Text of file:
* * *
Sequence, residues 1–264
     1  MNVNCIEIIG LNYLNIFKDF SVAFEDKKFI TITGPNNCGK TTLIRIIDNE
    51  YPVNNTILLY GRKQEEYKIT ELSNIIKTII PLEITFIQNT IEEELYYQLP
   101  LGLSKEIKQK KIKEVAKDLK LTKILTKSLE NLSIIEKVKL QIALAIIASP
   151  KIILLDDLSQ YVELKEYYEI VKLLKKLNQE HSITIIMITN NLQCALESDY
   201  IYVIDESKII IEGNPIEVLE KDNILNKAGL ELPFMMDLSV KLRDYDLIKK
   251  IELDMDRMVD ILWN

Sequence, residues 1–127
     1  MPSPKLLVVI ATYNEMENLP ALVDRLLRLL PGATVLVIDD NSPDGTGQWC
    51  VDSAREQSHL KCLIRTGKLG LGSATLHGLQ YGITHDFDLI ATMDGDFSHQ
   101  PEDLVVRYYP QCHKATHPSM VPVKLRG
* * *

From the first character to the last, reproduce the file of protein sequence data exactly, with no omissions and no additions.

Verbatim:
Sequence, residues 1–264
     1  MNVNCIEIIG LNYLNIFKDF SVAFEDKKFI TITGPNNCGK TTLIRIIDNE
    51  YPVNNTILLY GRKQEEYKIT ELSNIIKTII PLEITFIQNT IEEELYYQLP
   101  LGLSKEIKQK KIKEVAKDLK LTKILTKSLE NLSIIEKVKL QIALAIIASP
   151  KIILLDDLSQ YVELKEYYEI VKLLKKLNQE HSITIIMITN NLQCALESDY
   201  IYVIDESKII IEGNPIEVLE KDNILNKAGL ELPFMMDLSV KLRDYDLIKK
   251  IELDMDRMVD ILWN

Sequence, residues 1–127
     1  MPSPKLLVVI ATYNEMENLP ALVDRLLRLL PGATVLVIDD NSPDGTGQWC
    51  VDSAREQSHL KCLIRTGKLG LGSATLHGLQ YGITHDFDLI ATMDGDFSHQ
   101  PEDLVVRYYP QCHKATHPSM VPVKLRG